featuring Adam Beechen, Doug Wagner, Frank Hannah, Tim Seeley, Alan Burnett, Paul Dini, Derek Fridolfs, Marly Halpern-Graser, Paul Crocker, Sefton Hill, Karen Traviss and Peter J. Tomasi

(Art by Christian Duce, Vincente Cifuentes, Federico Dallocchio, Tom Derenick, Victor Drujiniu, Omar Francia, Richard Ortiz, Matthew Clark, Wade von Grawbadger, Carlos D'Anda, Sean Parsons, Derek Fridolfs, Dustin Nguyen, Ben Herrera, Ted Naifeh, Roger Robinson, Adam Archer, Al Barrionuevo, Michel Lacombe, Jimbo Salago, Jeffrey Huet, Jason Shawn Alexander, Mike S. Miller, Brian Ching, Livesay, Simon Coleby, Bruno Redondo, Cliff Rathburn, Santi Casas, Pete Woods, Juan Jose Ryp, Jorge Jimenez, Darick Robertson, Richard P. Clarke, Peter Nguyen, Craig Yeung, David Lopez, Mico Suayan, Jheremy Raapack, Eric Nguyen, Davide Fabbri, Roccardo Burchielli, Tony Shasteen, Beni Lobel, Viktor Bogdanovic, Art Thibert, Ig Guara, Julio Ferreira, Robson Rocha, Guillermo Ortego, Richard Friend, Daniel Henriques, Stephen Segovia, Alisson Borges and Dexter Soy)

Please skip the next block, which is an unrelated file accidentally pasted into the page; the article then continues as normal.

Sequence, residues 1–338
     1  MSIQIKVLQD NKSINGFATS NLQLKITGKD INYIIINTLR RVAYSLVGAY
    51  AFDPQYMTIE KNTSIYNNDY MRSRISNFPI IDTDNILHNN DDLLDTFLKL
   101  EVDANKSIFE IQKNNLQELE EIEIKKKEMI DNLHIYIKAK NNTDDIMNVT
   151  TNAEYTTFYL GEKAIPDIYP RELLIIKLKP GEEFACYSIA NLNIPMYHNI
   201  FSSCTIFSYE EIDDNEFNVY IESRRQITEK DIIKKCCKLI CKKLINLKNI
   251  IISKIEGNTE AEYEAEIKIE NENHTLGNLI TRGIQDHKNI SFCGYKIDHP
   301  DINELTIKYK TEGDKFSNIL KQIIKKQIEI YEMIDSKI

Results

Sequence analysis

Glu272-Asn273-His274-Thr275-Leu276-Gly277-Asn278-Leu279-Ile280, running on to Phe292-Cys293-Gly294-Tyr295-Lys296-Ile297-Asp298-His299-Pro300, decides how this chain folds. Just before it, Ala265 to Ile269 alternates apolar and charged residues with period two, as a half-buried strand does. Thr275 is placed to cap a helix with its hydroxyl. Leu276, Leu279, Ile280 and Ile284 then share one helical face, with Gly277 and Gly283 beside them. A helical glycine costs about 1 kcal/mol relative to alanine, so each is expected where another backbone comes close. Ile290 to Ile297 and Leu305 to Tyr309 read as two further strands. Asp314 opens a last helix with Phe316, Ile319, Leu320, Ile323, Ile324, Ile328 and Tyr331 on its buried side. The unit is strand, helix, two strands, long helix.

An absolutely immense omnibus collecting all of the comics and graphic novels set in the world of the Arkham series of computer games.  Beginning with a prelude to 'Arkham Origins' which sees an inexperienced Batman still finding his crimefighting feet, continuing on through the events of 'Arkham Asylum' and 'Arkham City', before culminating in stories that lead directly into the plot of 'Arkham Knight'.

I'm a big fan of the so-called Arkhamverse, which gives us a gritty and realistic take on the Batman mythos, whilst still managing honour all of the character's real-world history, not matter how silly (Calendar Man makes an appearance, for instance).  So, I was very keen to read more stories set in this particular take on Gotham, as well as getting some background to the games I love (I've not played 'Arkham Knight' yet, so I can't comment on the negative reviews it got).